There were many things I liked about the new production of Hamlet, at the Almeida theatre, starring Andrew Scott. Unfortunately, Andrew Scott wasn’t one of them. I found his Hamlet just too shouty, and ultimately not very sympathetic. There were elements which were good, with his clear grief done well at the beginning. Some of his soliloquies were delivered in a conversational tone. But then it just became too much, with not enough contrast between his ‘antic disposition’ and the norm. I had the sense there was a very good Hamlet in him, but it was just a bit overpowering at present. This was still a preview night, so perhaps it will settle down. In a four-hour production, his vocal volume must have been exhausting for him; it certainly was for me.
Yet even in a play which is so dominated by this character, there were many stronger things. It was a fully contemporary production, in modern dress and with guns rather than swords. The supporting cast was generally excellent. Juliet Stevenson was a very good Gertrude, moving from newly wedded bliss to a dawning realisation of Claudius’s crimes and manipulations. Angus Wright, who I’d previously seen as Agamemnon in director Robert Icke’s Oresteia, was a strong Claudius, more reserved and statesman-like than he is sometimes played. Polonius, Ophelia, and the Ghost were all well done. Switching Guidenstern to a female role, played by Amaka Okafor, gave a different sense to Hamlet’s attachment to his old friends. Of the other key roles, perhaps only Horatio was a little disappointing.
My favourite thing about the production was the use of film. Initially this showed documentary footage of King Hamlet’s funeral, in a news style reporting with Danish subtitles. It then switched to the night watch observing surveillance cameras on multiple screens. The initial engagements with the ghost were over an intercom. The scenes with Fortinbras was also done through film, with the character never actually appearing on stage, but sending video messages and being interviewed on camera. It certainly made the Norwegian army seem more convincing, with footage of troop and artillery manoeuvres. The Mousetrap was done well with an on-stage camera capturing the audience of Claudius and his court on screen. I was less sure about the use of Bob Dylan songs; and the ending was a bit muddled, with the dead characters walking backwards to join the already dead Rosencrantz and Guildenstern at the back of the stage.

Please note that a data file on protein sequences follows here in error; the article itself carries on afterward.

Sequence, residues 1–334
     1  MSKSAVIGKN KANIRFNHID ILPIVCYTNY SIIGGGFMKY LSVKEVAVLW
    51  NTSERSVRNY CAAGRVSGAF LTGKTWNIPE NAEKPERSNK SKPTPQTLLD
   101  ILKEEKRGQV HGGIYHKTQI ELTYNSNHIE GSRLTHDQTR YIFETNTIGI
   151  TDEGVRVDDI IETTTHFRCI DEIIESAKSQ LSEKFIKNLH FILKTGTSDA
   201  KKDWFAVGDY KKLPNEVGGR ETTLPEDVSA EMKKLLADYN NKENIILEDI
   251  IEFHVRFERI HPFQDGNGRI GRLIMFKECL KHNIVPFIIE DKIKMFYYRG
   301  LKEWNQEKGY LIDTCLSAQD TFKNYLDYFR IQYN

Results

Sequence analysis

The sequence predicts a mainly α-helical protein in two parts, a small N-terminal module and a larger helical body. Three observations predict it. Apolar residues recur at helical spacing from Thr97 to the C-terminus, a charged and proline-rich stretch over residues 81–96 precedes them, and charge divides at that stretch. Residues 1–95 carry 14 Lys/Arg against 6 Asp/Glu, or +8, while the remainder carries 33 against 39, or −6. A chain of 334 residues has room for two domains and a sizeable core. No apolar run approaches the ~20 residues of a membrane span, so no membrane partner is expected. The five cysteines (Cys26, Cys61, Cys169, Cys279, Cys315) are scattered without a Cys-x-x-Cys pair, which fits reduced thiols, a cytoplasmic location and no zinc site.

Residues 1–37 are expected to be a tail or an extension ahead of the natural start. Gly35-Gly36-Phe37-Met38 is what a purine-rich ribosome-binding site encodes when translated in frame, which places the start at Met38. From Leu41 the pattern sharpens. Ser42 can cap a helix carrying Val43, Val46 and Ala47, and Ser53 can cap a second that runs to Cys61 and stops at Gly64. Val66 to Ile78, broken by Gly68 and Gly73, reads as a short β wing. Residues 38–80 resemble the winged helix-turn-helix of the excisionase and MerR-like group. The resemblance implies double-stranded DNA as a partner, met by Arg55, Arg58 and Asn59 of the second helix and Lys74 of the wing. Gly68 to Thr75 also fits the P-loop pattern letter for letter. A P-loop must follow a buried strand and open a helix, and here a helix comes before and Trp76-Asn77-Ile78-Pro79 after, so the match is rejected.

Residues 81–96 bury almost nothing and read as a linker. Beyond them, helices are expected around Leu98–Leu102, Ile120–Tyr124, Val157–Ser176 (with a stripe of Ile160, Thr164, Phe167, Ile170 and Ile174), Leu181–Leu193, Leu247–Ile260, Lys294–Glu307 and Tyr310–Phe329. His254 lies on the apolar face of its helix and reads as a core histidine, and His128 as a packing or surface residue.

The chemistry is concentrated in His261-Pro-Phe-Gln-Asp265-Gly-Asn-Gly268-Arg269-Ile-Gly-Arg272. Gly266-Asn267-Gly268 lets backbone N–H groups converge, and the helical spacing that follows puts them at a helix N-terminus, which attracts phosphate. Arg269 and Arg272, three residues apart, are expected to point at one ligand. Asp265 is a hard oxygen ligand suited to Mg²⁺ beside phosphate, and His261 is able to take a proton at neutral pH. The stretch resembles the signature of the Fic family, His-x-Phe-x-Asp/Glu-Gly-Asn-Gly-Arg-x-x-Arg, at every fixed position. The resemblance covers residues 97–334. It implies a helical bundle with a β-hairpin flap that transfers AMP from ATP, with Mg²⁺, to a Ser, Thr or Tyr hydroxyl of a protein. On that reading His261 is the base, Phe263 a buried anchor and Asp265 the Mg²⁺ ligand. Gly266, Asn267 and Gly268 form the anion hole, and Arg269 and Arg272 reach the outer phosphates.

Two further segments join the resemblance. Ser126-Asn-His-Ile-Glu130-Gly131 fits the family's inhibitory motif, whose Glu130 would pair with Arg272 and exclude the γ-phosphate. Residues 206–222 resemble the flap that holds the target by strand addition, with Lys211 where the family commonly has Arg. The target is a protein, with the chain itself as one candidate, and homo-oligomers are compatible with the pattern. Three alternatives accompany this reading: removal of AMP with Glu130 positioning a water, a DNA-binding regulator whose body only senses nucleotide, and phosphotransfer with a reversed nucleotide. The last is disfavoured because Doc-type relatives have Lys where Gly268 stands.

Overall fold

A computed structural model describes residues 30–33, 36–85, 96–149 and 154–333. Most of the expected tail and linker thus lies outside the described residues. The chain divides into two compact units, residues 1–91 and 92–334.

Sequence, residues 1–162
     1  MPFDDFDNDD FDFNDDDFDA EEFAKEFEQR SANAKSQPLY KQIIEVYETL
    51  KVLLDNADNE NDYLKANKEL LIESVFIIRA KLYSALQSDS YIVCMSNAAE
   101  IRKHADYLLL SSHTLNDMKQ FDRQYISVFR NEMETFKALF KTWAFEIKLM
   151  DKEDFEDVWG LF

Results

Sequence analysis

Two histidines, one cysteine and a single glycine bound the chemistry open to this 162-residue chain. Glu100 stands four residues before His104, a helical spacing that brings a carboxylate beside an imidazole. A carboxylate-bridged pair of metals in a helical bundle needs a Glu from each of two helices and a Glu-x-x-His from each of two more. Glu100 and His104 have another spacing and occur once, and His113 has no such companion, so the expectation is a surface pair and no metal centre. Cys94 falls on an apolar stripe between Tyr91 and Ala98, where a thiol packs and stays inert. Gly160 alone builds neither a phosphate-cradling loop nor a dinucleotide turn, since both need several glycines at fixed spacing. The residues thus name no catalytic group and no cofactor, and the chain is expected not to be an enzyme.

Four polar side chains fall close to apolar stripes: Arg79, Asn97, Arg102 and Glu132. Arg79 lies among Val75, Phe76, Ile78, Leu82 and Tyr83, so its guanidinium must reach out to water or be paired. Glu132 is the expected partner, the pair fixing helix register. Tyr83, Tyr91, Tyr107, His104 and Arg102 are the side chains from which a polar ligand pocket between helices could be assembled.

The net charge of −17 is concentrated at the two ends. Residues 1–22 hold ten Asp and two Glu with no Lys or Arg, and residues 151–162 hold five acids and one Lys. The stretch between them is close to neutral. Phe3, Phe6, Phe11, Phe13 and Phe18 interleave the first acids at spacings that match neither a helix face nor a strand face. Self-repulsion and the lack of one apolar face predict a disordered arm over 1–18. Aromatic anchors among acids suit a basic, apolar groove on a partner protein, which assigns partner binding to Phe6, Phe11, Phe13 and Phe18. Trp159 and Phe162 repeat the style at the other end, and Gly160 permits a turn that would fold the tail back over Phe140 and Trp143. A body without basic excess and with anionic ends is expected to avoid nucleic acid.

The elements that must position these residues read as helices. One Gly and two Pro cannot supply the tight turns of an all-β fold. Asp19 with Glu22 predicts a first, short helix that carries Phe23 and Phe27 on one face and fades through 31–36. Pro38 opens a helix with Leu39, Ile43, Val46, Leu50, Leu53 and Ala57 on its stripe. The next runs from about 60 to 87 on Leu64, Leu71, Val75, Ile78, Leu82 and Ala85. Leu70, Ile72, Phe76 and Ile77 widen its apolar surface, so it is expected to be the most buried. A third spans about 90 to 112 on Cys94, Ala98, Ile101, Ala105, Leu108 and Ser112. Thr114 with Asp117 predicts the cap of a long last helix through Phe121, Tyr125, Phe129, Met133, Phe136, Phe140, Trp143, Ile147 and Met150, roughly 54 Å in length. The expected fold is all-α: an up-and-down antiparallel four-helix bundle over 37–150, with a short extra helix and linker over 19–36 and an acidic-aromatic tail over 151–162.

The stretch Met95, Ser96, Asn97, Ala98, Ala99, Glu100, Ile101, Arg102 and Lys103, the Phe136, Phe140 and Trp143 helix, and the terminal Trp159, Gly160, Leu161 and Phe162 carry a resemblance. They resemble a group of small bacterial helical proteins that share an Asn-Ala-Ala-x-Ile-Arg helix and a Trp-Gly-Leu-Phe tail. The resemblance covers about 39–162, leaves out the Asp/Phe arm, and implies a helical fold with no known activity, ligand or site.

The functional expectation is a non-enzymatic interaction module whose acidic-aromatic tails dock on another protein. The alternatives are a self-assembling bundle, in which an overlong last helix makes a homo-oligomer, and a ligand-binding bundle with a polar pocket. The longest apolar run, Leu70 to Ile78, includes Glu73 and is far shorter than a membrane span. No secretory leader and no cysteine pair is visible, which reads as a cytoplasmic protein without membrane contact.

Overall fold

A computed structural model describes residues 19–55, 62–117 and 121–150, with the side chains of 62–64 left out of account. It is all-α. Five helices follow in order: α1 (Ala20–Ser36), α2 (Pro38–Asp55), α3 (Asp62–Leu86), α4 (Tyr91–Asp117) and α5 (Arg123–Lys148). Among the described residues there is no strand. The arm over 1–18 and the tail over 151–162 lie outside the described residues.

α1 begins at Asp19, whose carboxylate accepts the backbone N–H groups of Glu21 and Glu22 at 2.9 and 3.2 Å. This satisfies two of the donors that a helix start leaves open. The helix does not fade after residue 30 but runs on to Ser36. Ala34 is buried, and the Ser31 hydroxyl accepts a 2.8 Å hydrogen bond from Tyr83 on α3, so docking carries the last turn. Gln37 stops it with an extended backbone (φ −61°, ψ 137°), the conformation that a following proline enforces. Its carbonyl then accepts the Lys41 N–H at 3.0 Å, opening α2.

Overall this was worth seeing, and I don’t feel that four hours is, in itself, too long. This is a long play, after all, and I was pleased that there were not some of the severe cuts some productions have. Two intervals might be rethought – there is a slightly strange one when Claudius walks out of The Mousetrap, which needed a member of theatre staff to announce the break, and then one only about half an hour later when Hamlet passes the Norwegian army on his way to England. Press night is Monday, so perhaps more will be reworked over the weekend: initial reports and a cancelled first night suggest there have been some changes already.
Just for contrast, there are much more positive reviews here and here. And for my takes on some previous productions, see these posts – Peter Sarsgaard in New York; Benedict Cumberbatch at the Barbican; and on three productions and three texts.